Live fight cards coming to Northern Nevada in April | NevadaAppeal.com

Live fight cards coming to Northern Nevada in April

Alan Rogers

April is just a few days away and that’s good news. For boxing fans it’s great news because live boxing cranks up with two live cards in our area, including one right here in Carson City.

It starts on Saturday, April 8 with a live amateur card at the Ormsby House, hosted by the Carson City Boxing Club.

“We’re inviting teams now to send fighters to the card and we hope to have somewhere around 15 to 20 fights on the card,” CCBC Director Chuck Williams said. “We’ll know a lot more about who is coming and who is fighting next week, but it looks good for us. I expect we’ll have a good, competitive card for our invitational show.”

We’ll continue this next week. By then, we should have more information about the main event, what local fighters will be in action and lots more …

— The following day, Sunday, there will be a live professional card at Harveys in Stateline, featuring a light heavyweight (175-pound limit) title fight. There is a strange twist to this card as it will be closed to the public. This is strictly an “invite only” card with no general admission tickets available for fans, as Harveys is bringing its loyal customers and high-rollers for the card.

I don’t know what the prelim fights will be but the main event is for the NABO light heavy title between Troy Weaver and Julian Letterlough. Hopefully, you have some “juice” at Harveys if you want to go and see the card.

— I also want to note that another live pro card is scheduled on May 6, an outdoor card at the Cal-Neva in Reno. The Cal-Neva puts on these “Street Fight” cards three or four times a year, usually starting in May and ending in September, and they usually bring in some good pros as well as showcasing many up-and-coming fighters. More details as fight time approaches.

— Carson City’s only professional boxer will also be in action in April. Miguel Angel Ruiz fights on April 15th at the Lucky Eagle Indian casino in Rochester, Wash.

“We’ll be fighting Don Juan Futrell in an 8-round junior welterweight (140-limit) fight and it will be a tough fight,” said Carson City’s Steve Reynolds, the manager of Ruiz. “Futrell is 18-1 and he’s a good fighter, but we can beat him. This would be a big win for us and a win we need.”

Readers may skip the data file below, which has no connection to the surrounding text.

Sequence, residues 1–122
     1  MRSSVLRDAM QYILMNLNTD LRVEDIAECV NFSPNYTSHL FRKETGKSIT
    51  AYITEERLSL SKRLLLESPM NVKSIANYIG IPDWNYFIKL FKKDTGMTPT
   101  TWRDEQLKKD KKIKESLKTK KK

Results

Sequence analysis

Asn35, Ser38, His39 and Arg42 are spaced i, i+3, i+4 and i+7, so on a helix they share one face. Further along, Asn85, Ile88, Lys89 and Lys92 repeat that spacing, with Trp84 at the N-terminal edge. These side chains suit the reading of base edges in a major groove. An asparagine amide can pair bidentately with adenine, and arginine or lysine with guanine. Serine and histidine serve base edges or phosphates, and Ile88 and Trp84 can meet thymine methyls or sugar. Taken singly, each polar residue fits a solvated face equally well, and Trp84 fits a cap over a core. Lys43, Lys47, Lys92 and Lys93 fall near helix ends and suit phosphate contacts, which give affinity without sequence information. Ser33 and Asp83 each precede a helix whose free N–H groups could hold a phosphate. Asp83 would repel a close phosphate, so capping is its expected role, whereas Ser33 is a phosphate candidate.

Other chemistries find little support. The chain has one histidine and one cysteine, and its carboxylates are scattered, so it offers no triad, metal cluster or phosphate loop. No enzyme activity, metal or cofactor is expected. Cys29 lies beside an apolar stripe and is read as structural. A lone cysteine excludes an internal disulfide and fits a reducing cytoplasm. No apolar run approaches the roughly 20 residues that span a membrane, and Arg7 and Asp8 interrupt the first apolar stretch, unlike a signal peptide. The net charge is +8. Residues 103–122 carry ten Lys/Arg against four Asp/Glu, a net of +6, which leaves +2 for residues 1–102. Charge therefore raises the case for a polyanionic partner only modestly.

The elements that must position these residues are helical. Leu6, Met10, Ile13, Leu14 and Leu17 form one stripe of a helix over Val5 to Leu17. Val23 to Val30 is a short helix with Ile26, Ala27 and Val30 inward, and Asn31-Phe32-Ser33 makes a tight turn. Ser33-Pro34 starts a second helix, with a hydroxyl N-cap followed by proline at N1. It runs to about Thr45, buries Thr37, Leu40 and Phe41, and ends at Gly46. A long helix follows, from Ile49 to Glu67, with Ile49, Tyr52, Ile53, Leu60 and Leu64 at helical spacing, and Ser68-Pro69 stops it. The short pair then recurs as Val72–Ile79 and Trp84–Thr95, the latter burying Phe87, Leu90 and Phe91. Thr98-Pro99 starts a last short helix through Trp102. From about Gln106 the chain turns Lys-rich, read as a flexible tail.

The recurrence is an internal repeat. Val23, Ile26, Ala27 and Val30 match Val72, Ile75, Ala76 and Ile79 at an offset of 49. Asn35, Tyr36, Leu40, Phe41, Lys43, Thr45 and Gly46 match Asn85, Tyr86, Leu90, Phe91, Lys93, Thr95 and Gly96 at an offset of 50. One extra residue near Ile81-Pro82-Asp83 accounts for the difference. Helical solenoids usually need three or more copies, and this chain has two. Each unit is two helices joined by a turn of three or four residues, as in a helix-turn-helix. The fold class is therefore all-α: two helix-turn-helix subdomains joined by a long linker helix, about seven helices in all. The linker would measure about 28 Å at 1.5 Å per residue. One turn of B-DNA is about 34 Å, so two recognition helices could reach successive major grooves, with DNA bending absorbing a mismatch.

Ruiz brings a 24-7 record into the fight. There is no TV for the card, which features Eric Holland fighting Carlos Bojorguez in the main event. The card also features woman boxer Dakota Stone in action.

— On the TV front, April has its usual menu of fight shows including an April Fool’s Day card Saturday on HBO. Interesting main event for that telecast, which is part of HBO’s “Boxing After Dark” series and begins at 11 p.m.

That main has heavyweight Razor Ruddock – most remember him from his two fights against Mike Tyson – fighting for one of those minor heavyweight titles against a tough cookie, undefeated Vitaly Klitchko.

This really should be a good fight and although Klitchko figures to beat an over-the-hill Razor, the latter may still be sharp enough to pull off an upset win. The fight card comes from Berlin, Germany.

— Don’t look for the usual ESPN2 Friday night fights this week as they are off for a week, but heck, that’s still in March. They resume the first Friday in April and will be on the rest of the month. Those live telecasts usually begin at 6 p.m., but check the listings in Diversions – sometimes they have a later starting time.

Last Friday’s ESPN2 telecast featured trainer Teddy Atlas doing double duty. Not only did he have one of his fighters in action on the telecast, Teddy worked the corner, plus he is the regular fight commentator/analyst for those Friday telecasts. He even wore a live microphone so we could hear everything that goes on during and between rounds.

Atlas brought undefeated light heavyweight Elvir Muriqi (13-0) in to showcase him against trail horse Don Sheehan, who was 5-3 going into the scheduled 6-rounder. It was supposed to be an easy win for Teddy’s fighter as he builds his record but that backfired on them when Sheehan came to fight for a change.

Not only was Sheehan competitive, he was winning the fight and Muriqi helped him along by getting penalized twice for low blows. He threw plenty and each penalty cost Muriqi a point. When Muriqi nailed Sheehan with another low blow midway through round six, the referee stepped in and disqualified Muriqi, handing him his first loss.

Truth is, at that point, Muriqi was going to lose a decision anyway. But still, it was a rare way to lose a fight so Atlas and his fighter will have to go back to the drawing board and correct some problems before he continues his career.

A quick but exciting main event on that telecast. James Butler of Harlem, N.Y., took on Arthur Allen of Pittsburgh. Butler had Allen- who couldn’t take a punch very well and who couldn’t punch very hard – go down in the opening round and out in round two at the 2:03 mark of the round. Butler improved his record to 16-1 with 11 KOs while Allen fell to 26-5 with 9 KOs. The fight was in the super middleweight (168-limit) class and the referee was Rudy Battle.

Great name for a referee, If I say so myself ….

Alan Rogers is the Nevada Appeal boxing writer.